African Journal of
Agricultural Research

  • Abbreviation: Afr. J. Agric. Res.
  • Language: English
  • ISSN: 1991-637X
  • DOI: 10.5897/AJAR
  • Start Year: 2006
  • Published Articles: 6013

Full Length Research Paper

Interactive effects of fertilizer and inoculum concentration on subsequent development of xanthomonas wilt in banana

Dennis Ochola
  • Dennis Ochola
  • Bioversity International, P. O. Box 24384, Kampala, Uganda.
  • Google Scholar
Walter Ocimati
  • Walter Ocimati
  • Bioversity International, P. O. Box 24384, Kampala, Uganda.
  • Google Scholar
William Tinzaara
  • William Tinzaara
  • Bioversity International, P. O. Box 24384, Kampala, Uganda.
  • Google Scholar
Guy Blomme
  • Guy Blomme
  • Bioversity International, P. O. Box 24384, Kampala, Uganda.
  • Google Scholar
Eldad Karamura
  • Eldad Karamura
  • Bioversity International, P. O. Box 24384, Kampala, Uganda.
  • Google Scholar


  •  Received: 21 April 2014
  •  Accepted: 25 July 2014
  •  Published: 26 August 2014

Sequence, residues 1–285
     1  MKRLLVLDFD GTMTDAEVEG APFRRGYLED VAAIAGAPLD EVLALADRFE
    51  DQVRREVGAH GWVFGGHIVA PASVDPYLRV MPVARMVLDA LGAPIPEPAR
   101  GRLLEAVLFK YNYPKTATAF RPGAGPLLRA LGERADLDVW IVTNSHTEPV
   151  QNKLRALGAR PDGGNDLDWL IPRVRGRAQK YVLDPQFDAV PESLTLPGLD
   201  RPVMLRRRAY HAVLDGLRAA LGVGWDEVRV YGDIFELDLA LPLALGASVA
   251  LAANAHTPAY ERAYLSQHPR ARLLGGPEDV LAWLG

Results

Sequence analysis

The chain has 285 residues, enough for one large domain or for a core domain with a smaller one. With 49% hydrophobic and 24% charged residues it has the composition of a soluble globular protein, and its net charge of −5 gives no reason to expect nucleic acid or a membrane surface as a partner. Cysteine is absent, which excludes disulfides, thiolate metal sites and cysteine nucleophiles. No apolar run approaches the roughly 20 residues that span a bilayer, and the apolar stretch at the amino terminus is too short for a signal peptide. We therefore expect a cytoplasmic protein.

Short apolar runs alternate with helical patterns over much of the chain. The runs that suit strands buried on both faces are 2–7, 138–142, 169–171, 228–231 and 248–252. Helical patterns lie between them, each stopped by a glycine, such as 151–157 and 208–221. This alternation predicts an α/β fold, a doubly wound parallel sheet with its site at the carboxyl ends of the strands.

Abstract

Soil nutrient depletion and Xanthomonas wilt (Xanthomonas campestris pv. musacearum) are major causes of declining productivity in smallholder banana systems in East and Central Africa. This study examined the interactive effect of fertilizer and inoculum concentration on development of Xanthomonas wilt. Fertilization significantly (p<0.01) increased the plant height, plant girth and leaf area in banana compared to control without fertilizer. Despite this, between 9 and 21 days post inoculation (dpi) all inoculated plants had exhibited typical disease symptoms (that is, chlorosis, necrosis and wilting of leaves). No significant reduction (p>0.05) in disease incidence, wilt severity index or mortality could be associated with increasing fertilizer amounts. Interestingly, there was a highly significant (p<0.01) overriding effect of inoculum concentration on the ability of fertilizer to reduce wilt severity index and mortality in banana. Plants inoculated with 106 to 1012 cfu mL-1 developed twice as much disease compared to 104 cfu mL-1 inoculations. Average mortality of 9.2% for 104 cfu mL-1 inoculated plants provides evidence of the potential to cause latent infections. Low bacterial loads are implicated in recent field resurgence of Xanthomonas wilt in banana orchards where disease had been successfully contained.

 

Key words: Banana, fertilizer, inoculum concentration and Xanthomonas wilt.